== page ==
The method of intervention I will be using is Cognitive Behavior Therapy; which highlights the social environment particularly how we learn from and how it influences our environments. Once the family has expressed their issues it’s the social worker ethical responsibility to apply the appropriate intervention to assist with deportation. Our solution should help the family alleviate the problems and work with a supporting system. Working with the Salvadorian families and hearing their problems is just part of the process leading to the solution. The social worker moves with empathy and not sympathy. As a Social worker should always paraphrase to make sure we are hearing the family needs. For instance, the family discusses having the issue with adjusting to the culture or deportation. I recommend that the family connect with social services and Hispanic center. Psychological stress is an important risk factor in this regard, because it relates to a broad range of aging-related health outcomes and because it represents a target for prevention and intervention strategy, (Stacey B. Scott, Jennifer E. Graham-Engeland, Christopher G. Engeland, Joshua M. Smyth, David M. Almeida, Mindy J. Katz, Richard B. Lipton, Jacqueline A. Mogle, Elizabeth Munoz, Nilam Ram, and Martin J. Sliwinski, 2015).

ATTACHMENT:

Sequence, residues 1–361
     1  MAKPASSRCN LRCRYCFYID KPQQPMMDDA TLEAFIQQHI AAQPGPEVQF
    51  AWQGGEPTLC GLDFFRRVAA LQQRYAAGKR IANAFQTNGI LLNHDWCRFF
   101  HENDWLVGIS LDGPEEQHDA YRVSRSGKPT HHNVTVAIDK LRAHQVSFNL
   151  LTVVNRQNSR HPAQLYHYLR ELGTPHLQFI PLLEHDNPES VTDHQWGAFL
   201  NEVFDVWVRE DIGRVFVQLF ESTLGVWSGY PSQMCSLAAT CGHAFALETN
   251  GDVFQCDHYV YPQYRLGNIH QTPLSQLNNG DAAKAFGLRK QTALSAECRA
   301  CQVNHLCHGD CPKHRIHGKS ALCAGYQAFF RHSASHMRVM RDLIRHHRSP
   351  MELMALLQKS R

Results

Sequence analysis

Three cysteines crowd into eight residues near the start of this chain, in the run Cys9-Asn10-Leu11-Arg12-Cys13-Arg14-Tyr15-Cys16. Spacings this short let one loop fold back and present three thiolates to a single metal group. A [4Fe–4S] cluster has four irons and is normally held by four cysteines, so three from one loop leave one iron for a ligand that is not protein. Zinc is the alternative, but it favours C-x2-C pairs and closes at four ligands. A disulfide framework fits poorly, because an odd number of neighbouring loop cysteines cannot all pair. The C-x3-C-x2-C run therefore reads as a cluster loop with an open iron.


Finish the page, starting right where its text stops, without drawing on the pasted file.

After evaluation, I consider using Cognitive Behavior Therapy, to assist the client to focus on the solutions to future circumstances and set goals rather than focusing on the past experience. Salvadorian should feel hopeful because there is a lot of supporting factors and just to name one NASW is one supporting factor.